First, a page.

SELECT: Conventional loan, Jumbo Loan, FHA Loan, VA Loan, Commercial Loan
Conventional Loan: Conventional loan is a lender agreement that’s not guaranteed or insured by the federal government under the Veterans Administration (VA) the Federal Housing Administration (FHA), or the Rural Housing Service (RHS) of the U.S. Department of Agriculture. Although a conventional loan is not insured or guaranteed by the government, it can still follow the guidelines of government sponsored enterprises (GSE’s) such as Fannie Mae or Freddie Mac as both Fannie Mae and Freddie Mac are stockholder-owned corporations and are not part of the federal government. Conventional loans may be “conforming” and “non-conforming”. Conforming loans follow the terms and conditions set by Fannie Mae and Freddie Mac. The 2009 conforming loan limits remain at the limits set in 2006, 2007 and 2008. These guidelines put the maximum price for a first mortgage at $417,000 for a single-family dwelling. If the purchase is made outside of the 48 contiguous United States (in Guam, the Virgin Islands, Hawaii, or Alaska), or the dwelling is for a two-family, three-family, or four-family configuration, larger values apply before the loan is no longer considered a conventional loan.
Nonconforming loans don’t meet Fannie Mae or Freddie Mac qualifications, but that are still considered conventional. Jare one example of a conventional loan that does not meet Fannie Mae or Freddie Mac guidelines. A jumbo loan is a loan with a dollar value above the maximum loan amount established by Fannie or Freddie. Jumbo loans usually have a higher interest rate. * THE LOAN LIMITS ARE SUBJECT TO CHANGE DUE TO CHANGES IN THE ECONOMY AND POLICY.
Conventional loans can be fixed rate mortgages, adjustable, balloon, or hybrid loans. Almost any type of loan that you take, if not issued by a government entity, is considered a conventional loan.
Jumbo Loan: A jumbo mortgage is a home loan with an amount that exceeds conforming loan limits imposed by Fannie Mae and Freddie Mac, the two government-sponsored enterprises that buy mortgages from lenders. There is a loan limit established by these agencies such as $417,000 in most parts of the United States, but is $625,500 in the highest-cost areas and in-between in others. These limits are subject to change with economic conditions.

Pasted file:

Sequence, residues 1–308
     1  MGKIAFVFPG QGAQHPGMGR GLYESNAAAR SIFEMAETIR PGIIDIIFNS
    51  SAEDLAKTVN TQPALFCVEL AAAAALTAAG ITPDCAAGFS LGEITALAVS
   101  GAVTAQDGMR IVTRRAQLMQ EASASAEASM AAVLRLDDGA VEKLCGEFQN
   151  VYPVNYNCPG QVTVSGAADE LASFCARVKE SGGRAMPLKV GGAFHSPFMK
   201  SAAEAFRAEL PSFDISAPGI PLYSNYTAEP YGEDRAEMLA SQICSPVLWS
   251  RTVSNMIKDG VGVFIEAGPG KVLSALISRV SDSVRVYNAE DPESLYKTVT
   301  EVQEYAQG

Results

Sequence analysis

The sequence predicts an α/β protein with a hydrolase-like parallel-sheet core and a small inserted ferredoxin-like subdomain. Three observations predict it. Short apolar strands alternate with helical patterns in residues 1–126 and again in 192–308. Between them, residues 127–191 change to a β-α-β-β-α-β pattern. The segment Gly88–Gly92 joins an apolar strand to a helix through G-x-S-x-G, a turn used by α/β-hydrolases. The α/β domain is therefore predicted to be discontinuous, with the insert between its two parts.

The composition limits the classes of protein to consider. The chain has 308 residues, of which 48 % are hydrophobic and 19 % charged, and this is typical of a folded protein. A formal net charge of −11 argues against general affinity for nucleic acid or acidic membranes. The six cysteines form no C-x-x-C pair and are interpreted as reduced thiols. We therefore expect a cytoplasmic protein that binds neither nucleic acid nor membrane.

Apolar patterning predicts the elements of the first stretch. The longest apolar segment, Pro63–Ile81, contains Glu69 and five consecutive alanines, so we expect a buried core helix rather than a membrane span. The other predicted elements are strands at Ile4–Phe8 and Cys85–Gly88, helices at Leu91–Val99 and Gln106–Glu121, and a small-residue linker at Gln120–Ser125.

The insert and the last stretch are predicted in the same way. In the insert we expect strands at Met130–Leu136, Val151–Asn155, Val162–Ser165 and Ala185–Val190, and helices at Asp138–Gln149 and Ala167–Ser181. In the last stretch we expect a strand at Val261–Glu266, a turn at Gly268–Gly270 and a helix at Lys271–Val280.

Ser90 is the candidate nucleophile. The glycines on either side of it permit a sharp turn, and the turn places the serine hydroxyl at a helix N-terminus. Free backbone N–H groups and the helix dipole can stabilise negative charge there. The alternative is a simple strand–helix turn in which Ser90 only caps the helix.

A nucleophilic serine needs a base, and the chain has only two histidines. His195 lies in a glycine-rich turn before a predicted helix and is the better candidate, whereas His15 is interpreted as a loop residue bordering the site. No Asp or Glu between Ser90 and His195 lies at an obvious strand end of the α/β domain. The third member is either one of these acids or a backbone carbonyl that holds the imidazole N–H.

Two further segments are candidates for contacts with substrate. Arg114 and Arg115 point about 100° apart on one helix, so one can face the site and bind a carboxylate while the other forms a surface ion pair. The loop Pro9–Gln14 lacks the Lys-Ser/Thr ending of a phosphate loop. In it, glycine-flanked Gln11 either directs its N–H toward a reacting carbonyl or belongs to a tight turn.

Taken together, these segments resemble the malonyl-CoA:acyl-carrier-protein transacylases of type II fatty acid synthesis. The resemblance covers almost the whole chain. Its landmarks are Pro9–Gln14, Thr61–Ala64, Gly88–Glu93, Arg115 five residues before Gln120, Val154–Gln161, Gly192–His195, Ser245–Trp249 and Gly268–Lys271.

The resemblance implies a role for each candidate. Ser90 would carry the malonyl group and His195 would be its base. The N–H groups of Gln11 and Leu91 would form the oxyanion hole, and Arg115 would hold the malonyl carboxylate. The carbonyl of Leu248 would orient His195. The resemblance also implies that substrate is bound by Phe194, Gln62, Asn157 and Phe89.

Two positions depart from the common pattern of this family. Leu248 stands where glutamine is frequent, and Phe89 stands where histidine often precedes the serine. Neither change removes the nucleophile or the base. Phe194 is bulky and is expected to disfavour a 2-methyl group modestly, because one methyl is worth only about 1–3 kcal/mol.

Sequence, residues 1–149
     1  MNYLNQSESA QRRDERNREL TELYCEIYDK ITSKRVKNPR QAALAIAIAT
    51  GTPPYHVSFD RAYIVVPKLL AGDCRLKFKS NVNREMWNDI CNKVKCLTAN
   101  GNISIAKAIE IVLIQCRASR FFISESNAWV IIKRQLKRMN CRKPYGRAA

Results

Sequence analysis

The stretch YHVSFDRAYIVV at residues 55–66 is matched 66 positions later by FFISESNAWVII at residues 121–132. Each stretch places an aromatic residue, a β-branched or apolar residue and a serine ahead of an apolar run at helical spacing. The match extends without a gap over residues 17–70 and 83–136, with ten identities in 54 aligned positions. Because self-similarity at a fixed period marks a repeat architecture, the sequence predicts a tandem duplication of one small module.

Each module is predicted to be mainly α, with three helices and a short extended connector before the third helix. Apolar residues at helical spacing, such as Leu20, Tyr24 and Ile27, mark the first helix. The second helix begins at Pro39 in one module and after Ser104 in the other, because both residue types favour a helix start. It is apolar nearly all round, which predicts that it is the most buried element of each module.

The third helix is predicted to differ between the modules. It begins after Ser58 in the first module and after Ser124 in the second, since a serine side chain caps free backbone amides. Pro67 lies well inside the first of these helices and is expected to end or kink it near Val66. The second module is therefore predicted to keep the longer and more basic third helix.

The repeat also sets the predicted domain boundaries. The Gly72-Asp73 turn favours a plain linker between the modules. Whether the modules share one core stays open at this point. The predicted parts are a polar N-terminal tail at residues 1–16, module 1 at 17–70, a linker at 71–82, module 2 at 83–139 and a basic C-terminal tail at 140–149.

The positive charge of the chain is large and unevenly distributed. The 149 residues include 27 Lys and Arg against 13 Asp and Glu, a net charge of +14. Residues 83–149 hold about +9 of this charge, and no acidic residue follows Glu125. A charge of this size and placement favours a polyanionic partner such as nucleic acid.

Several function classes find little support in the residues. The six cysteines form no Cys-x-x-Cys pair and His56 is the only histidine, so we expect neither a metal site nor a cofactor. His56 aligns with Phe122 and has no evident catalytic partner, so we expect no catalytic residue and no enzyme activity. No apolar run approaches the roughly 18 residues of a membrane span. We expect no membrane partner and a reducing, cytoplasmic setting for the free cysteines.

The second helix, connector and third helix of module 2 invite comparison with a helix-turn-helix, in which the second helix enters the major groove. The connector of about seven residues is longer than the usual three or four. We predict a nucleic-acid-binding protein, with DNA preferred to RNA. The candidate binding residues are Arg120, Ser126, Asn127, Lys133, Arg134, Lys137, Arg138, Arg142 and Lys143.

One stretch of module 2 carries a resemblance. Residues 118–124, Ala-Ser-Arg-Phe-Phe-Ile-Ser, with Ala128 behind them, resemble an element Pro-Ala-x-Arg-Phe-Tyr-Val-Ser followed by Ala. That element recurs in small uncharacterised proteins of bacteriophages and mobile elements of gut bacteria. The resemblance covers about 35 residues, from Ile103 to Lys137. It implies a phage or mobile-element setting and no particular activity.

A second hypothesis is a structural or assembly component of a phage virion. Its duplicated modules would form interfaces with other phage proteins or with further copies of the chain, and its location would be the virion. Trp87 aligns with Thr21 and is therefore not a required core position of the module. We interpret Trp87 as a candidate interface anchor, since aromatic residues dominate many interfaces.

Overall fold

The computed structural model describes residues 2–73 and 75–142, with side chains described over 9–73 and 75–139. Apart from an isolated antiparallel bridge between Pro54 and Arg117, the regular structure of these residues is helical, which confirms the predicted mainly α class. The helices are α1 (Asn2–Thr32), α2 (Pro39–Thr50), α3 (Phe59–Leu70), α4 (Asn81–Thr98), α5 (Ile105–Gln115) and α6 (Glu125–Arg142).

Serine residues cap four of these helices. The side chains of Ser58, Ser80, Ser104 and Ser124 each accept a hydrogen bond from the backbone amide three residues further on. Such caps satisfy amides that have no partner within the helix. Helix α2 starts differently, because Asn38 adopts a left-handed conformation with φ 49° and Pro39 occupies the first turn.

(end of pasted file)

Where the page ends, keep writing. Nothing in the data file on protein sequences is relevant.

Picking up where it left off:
FHA Loan: FHA loans have been helping people become homeowners since 1934. How do we do it? The Federal Housing Administration (FHA) – which is part of HUD – insures the loan, so your lender can offer you a better deal.
- Low down payments
- Low closing costs
- Easy credit qualifying
VA loan: The VA loan began in 1944 through the original Servicemen’s Readjustment Act, also known as the GI Bill of Rights. The GI Bill was signed into law by President Franklin D. Roosevelt and provided veterans with a federally guaranteed home with no down payment. This feature was designed to provide housing and assistance for veterans and their families, and the dream of home ownership became a reality for millions of veterans.
VA guaranteed loans are made by private lenders, such as banks, savings & loans, or mortgage companies to eligible veterans for the purchase of a home, which must be for their own personal occupancy. The guaranty means the lender is protected against loss if you or a later owner fails to repay the loan. The guaranty replaces the protection the lender normally receives by requiring a down payment allowing you to obtain favorable financing terms.
Commercial Loan: commercial loan is a type of loan a business requires for a variety of funding needs. The financing is usually for a short period of time, based on the creditworthiness of the business and the purpose of the loan. Agent San Francisco SF.